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Woodturning CAD

No (1) is simply 24 segments of different colours, cut to 15 degrees and glued, this can easily be varied like 12 segments at 30 degrees, personally I’d suggest making a jig to hold the wood, some of the mitre fences on cheaper saws are not particularly accurate or easy to control when handling small pieces, also preferred is a sanding table, as the cut from a saw may not be good enough for a good glue joint.


No (2) and (3) are simply turned as solids, with shapes to suit personal taste. But item (2) should have a weighted base to avoid accidents.


No (4) is easiest cut with either a table saw or band-saw with a tilting table (thought not essential), in this case the solid is cut into sections at 60 degrees, and then a different coloured wood is glued in between the sections,  obviously the segments should be sawn with reasonable accuracy to avoid any gaps showing in the finished item, some saws won’t provide the smoothness required for a good gluing area, so it may be necessary to use a fixed sanding machine, with the fence set correctly, to provide a good flat finish which will eliminate gaps when everything is glued together, the choice of wood colour is personal preference.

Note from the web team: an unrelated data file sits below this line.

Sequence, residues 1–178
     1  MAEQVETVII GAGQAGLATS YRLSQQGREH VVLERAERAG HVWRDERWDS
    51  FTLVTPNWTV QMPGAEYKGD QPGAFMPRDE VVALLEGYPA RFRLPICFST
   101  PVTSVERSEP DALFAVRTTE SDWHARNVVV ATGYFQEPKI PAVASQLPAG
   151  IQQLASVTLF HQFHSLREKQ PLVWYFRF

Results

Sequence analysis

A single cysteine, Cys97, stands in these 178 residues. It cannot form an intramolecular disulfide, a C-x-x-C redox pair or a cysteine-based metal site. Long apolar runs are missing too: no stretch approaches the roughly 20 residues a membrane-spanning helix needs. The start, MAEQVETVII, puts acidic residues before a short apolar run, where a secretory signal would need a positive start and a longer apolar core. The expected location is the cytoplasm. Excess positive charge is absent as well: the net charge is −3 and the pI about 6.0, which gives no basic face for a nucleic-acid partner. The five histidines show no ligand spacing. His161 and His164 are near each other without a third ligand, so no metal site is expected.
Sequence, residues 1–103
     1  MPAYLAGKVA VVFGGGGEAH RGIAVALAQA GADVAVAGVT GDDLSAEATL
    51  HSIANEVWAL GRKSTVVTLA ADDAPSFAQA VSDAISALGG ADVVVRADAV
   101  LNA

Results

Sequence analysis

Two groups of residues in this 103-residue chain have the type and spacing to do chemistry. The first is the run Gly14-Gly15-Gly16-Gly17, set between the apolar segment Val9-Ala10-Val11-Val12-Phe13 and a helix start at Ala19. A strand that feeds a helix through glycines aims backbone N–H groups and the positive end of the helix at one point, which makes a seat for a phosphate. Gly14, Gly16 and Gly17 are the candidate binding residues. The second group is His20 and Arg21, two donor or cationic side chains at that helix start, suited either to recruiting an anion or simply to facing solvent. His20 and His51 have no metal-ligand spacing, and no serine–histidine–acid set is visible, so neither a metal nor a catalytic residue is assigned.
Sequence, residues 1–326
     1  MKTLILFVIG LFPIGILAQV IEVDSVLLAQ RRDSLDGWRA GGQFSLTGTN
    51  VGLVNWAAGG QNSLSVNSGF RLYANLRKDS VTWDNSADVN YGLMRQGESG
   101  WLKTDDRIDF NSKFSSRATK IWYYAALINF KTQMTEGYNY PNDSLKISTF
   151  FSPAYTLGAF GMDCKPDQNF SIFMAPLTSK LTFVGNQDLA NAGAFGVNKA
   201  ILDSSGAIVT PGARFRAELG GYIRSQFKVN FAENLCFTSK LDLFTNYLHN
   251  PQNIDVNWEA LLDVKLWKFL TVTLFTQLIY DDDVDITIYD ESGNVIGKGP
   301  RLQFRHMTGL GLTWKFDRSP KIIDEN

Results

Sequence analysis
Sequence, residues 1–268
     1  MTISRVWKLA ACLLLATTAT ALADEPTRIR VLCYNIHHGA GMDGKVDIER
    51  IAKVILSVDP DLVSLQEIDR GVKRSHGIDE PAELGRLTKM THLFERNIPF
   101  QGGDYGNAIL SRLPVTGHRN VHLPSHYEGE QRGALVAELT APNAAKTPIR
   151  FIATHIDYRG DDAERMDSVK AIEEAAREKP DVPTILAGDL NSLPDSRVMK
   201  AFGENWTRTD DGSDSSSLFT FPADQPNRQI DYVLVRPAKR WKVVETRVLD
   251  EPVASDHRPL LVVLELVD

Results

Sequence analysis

No. (5), (6), (7), are simply spindle turned, on item (7) right picture, the centre is shown hollowed out, this is to reduce the weight of the top section if there is any likely hood of it being top heavy and easy to knock over,  for me stability is the primary concern when turning anything which could result in a fire